Updated: May 25
The reaction to LGBTQ+ visitors varies from country to country, so we've used our 16 years of traveling around the world to gather essential tips that will keep you safe and make the nomad life easier for LGBTQ+ people.
Traveling as a transgender man and a non-binary lesbian makes our experience a little different from everyone else's, but these tips can apply to all genders, sexualities and identities.
Do some research before you go
Even a simple google about your chosen destination will give you a hint of what's to come. Some countries may frown upon non-traditional relationships, and some will even arrest you for it. Knowing the local customs and laws will save you embarrassment, but also your life in some cases. Being prepared will not only put your mind at rest, but your trip will run much smoother and the locals will be grateful you respect their customs.
Choose when to 'out' yourself
We would never tell anyone to hide their true self, but in certain places your displays of affection is frowned upon no matter your sexuality or orientation. If you can refrain from public kissing while you're out and about, you'll be avoiding the chance of a negative encounter.
When we are approached by a local who wants to know more about our relationship (it seems to happen a lot to us, even though it's nobody's business!) we have to decide whether to disclose that we're a transgender man and a non-binary lesbian couple in case they don't approve. We aren't ashamed at all - far from it! However, we hate confrontation so we judge each case as they arise. If we feel comfortable and we're talking to someone who is obviously open minded, we're happy to share our life stories.
Don't be afraid to be loud
It took us a long time to learn this. We are naturally quiet people and for a long time we were used to strangers (usually straight, white, men) hassling us or getting a little too close for comfort. As a lesbian, Nick noticed many men didn't respect her status and continued to hit on her despite her telling them she wasn't interested. Rather than being uncomfortable or leaving the room, we've learned to be as loud and imposing as they are. They are the ones in the wrong, so why should we leave somewhere we've come to enjoy ourselves?
Calling them out on their actions in front of others, embarrassing them or scaring them away by shouting are all extremely effective and somewhat empowering. We should mention though, that this tactic could backfire if you are dealing with someone particularly aggressive or dangerous. In that case, we would save our breath and just leave.
Support LGBTQ+ businesses
We advocate supporting any small business, but using the resources of LGBTQ+ businesses is an easy way to ensure you'll be safe whilst also supporting your community. Gay owned hotels, gay cruises and gay bars are all great places to meet likeminded people, but what about if you're not gay? We search any new place for queer art classes, drag shows and meet-ups hosted by LGBTQ+ people. If we want more resources like these, we have to support them so they can continue and grow!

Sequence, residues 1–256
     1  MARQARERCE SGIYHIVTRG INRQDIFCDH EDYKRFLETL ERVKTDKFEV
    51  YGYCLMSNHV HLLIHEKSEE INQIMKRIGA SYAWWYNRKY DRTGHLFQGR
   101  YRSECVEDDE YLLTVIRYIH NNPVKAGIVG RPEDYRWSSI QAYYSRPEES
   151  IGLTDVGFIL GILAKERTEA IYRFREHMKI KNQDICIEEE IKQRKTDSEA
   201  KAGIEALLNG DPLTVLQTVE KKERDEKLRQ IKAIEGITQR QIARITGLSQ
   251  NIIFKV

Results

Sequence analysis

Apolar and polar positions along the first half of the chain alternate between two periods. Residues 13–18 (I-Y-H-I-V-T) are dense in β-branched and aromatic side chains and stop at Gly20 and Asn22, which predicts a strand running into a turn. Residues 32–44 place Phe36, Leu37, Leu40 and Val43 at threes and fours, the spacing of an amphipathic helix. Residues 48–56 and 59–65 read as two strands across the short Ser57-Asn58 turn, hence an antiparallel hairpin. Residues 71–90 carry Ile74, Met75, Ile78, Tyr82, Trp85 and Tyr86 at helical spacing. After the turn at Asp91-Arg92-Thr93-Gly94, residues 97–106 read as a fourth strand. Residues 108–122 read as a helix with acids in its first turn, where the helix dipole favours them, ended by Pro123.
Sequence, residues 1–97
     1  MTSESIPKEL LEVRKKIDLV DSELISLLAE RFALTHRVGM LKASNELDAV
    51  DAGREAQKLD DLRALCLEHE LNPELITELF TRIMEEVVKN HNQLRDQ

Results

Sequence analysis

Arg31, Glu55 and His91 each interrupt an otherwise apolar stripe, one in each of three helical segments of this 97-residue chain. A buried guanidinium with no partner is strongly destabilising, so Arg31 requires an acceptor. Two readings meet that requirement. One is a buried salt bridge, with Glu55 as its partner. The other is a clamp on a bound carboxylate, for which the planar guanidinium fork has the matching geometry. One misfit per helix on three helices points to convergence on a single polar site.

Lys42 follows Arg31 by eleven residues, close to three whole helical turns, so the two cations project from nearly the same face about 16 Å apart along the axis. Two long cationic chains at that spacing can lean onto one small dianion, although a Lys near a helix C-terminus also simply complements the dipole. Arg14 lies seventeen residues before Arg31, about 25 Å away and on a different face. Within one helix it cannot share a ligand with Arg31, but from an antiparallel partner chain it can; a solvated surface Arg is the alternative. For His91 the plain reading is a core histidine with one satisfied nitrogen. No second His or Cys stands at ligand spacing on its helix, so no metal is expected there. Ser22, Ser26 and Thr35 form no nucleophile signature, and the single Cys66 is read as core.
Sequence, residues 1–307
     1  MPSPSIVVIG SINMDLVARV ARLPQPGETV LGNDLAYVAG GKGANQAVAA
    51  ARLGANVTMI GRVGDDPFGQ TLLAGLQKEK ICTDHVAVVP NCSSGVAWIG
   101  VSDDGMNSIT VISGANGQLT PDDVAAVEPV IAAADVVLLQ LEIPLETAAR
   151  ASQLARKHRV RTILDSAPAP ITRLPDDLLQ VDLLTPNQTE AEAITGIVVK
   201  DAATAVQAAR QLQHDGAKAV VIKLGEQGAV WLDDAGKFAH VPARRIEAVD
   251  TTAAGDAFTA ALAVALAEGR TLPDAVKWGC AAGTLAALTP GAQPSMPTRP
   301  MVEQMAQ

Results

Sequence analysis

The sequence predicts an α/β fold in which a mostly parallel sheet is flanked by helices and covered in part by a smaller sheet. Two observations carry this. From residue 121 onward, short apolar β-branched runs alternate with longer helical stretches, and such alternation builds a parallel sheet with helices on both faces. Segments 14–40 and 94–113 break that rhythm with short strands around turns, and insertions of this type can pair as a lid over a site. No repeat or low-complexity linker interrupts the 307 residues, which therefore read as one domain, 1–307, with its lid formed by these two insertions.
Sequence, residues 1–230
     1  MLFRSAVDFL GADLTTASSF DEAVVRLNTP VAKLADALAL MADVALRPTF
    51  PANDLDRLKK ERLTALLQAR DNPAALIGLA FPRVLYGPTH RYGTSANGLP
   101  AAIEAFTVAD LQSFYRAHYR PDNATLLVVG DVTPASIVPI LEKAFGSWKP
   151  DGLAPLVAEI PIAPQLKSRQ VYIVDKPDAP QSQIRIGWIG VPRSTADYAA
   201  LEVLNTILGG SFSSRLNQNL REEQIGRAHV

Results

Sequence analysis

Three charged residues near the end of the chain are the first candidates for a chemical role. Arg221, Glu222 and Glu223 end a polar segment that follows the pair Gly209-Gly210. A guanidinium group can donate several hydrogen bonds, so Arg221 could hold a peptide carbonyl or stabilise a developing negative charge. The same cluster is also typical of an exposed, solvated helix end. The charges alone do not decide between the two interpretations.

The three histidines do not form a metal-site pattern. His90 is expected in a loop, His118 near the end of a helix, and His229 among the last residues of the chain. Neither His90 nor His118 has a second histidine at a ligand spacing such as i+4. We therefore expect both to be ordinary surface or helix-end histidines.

While some travellers may boycott certain countries for their 'anti-LGBT' stance, we try to remember that the locals don't necessarily agree with those in charge. What's more, the gay, lesbian and transgendered people in these countries may be scared, vulnerable and hiding. By being yourself and supporting the local LGBTQ+ businesses in these countries we can help pave the way for a better future for them.
Be sensible when using hook-up apps
Let's face it, Grindr is a lot of fun. Especially when you're connecting with locals! However the downfall of these types of apps are that they are easily abused. No matter how string your urge to hook up, make sure you keep your head (pun not intended!) at all times. Choose a safe place to meet, don't do anything illegal and make sure you don't leave yourself vulnerable by drinking unknown drinks or taking unknown drugs. Sex if fun, but always make sure you're safe.
Another thing to remember, is that some countries like India have higher rates of certain infections like Hepatitis C. Estimates suggest that in some Indian states, up to 80% of the population may be infected. As well as getting the correct jabs before you go, using condoms is important.
BONUS TIP - use these apps not only to hook up, but to chat to LGBTQ+ locals or meet them for a innocent coffee!
Travel during gay pride
One sure-fire way to bump into LGBTQ+ people on your travels is to time your visit with local pride events. People will travel in from all over to gather and celebrate love and life. There is a safety in numbers, and while pride is on many locals embrace the community or release special offers just for the weekend. We've been to a lot of prides around the world, and while some have been more political than others, they've always been great fun - albeit with an increased price for accommodation.
Know your rights
If something does go wrong, you'll be in a better position if you can quote the law and know exactly what you are and aren't entitled to. If the law is on your side, make it known. If something is illegal in a country you are visiting; don't do it, even if you would do it at home. Many countries have embassies or consulates which help protect LGBTQ+ people and some countries will also have a legal service that specialises in protecting the LGBTQ+ community.
After all, isn't that what you're travelling for? Keeping alert and staying safe is worth it when it means you can travel and make friends for life. Despite the negative experiences we've had, the good times far outweigh the bad.
Have any more tips for us to share? Let us know in the comments!